Hundreds of MK Veterans and ANC Youth League members have taken it upon themselves to guard Luthuli House in case there were any threats from anti-Zuma marchers or supporters. Picture: Karen Sandison/ANA Pictures
Today, if all the noise translates into action, South Africa should witness a series of nationwide protests the scale of which was last seen in the dying days of apartheid.

Members of disparate groups, political persuasions, races, creeds and classes were set to join together against the continued office of Jacob Zuma as president of this country.

The dissent has been simmering for some time, but boiled over after last Thursday’s cabinet reshuffle and the subsequent credit rating downgrade.

Today we will see how effective the ANC national working committee’s attempt this week to close ranks and dissuade members from participating in the various events has been.

More ominous though has been the intolerance of some of the factions within the ANC, who stand foursquare behind the president. It is easy to dismiss the utterances of the ANC Youth League or provincial elements of the Umkhonto weSizwe Military Veterans Association as sabre rattling, or ignore ANC NEC member and Water and Sanitation Minister Nomvula Mokonyane’s injunction to members to protect the party HQ.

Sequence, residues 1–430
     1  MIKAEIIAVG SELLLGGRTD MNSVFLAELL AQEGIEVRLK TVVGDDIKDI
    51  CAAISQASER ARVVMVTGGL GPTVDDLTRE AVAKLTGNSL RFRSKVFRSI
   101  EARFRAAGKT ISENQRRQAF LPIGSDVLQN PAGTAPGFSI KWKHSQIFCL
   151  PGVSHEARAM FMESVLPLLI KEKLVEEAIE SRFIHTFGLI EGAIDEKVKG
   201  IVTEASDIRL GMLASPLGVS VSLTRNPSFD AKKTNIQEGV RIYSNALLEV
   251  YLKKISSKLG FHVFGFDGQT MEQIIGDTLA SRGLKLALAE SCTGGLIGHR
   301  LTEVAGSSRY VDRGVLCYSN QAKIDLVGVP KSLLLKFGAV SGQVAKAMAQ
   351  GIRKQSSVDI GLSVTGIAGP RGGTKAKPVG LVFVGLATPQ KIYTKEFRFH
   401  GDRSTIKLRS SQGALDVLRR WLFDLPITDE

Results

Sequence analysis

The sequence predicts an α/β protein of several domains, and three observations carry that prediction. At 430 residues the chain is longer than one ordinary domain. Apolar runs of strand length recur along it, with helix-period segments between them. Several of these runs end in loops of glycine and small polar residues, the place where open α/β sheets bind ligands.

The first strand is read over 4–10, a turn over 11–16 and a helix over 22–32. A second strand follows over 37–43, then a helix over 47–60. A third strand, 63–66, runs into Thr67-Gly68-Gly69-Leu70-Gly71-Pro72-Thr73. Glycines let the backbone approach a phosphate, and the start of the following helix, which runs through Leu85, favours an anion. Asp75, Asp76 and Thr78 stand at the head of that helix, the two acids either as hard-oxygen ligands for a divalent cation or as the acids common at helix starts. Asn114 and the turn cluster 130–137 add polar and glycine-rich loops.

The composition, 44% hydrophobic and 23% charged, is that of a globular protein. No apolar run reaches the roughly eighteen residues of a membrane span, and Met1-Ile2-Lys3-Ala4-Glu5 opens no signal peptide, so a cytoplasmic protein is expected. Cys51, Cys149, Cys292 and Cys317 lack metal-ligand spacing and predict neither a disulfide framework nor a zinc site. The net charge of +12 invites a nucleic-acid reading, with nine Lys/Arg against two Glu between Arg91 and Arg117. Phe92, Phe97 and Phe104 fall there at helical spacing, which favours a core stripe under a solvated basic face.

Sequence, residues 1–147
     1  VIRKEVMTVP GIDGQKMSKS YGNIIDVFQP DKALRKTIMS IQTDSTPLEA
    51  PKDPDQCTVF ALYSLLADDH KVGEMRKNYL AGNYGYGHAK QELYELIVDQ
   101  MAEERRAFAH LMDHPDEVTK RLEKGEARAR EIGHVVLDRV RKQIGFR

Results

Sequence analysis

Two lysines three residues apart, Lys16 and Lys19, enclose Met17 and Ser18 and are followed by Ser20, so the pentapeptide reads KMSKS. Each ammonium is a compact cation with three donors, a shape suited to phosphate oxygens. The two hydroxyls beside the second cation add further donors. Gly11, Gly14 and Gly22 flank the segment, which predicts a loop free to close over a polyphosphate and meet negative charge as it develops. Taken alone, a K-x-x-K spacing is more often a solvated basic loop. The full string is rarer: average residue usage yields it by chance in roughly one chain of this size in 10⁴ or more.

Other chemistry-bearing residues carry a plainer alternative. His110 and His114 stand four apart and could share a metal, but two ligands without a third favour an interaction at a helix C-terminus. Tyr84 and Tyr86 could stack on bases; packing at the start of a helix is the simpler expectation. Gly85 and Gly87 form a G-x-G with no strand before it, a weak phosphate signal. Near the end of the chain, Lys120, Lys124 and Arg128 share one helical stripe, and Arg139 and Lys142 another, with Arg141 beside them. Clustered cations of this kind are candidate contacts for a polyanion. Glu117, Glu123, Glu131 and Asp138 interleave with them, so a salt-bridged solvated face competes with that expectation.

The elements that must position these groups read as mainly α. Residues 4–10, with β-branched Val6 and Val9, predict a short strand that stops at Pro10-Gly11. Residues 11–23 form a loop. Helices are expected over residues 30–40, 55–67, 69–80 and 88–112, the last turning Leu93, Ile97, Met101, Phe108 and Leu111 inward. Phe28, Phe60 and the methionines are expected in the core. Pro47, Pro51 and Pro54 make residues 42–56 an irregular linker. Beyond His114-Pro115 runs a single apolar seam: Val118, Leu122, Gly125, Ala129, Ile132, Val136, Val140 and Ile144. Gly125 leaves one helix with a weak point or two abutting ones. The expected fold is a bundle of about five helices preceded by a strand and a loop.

The truth is that no one needs to do any protecting of any building or institution - there are more than enough police, municipal and SAPS, to do just that.

It was provocative of the DA to initially say it would march to Luthuli House - and counter-productive, given the current non-sectarian appeal.

Equally, in a democracy, there should be no no-go areas anywhere. It is to the DA’s credit that they conceded and amended their original plan to ensure that people could protest - and not provoke a riot.

The constitution allows for a range of hard-won freedoms, including expression, belief and association. We might not like what others believe, but we must let them express them. In turn, those who protest may not harm lives or property.

It’s a very simple trade-off.

The police have to act resolutely and impartially today against anyone anywhere either breaking the law or taking the law into their own hands. The alternative is anarchy.

The Star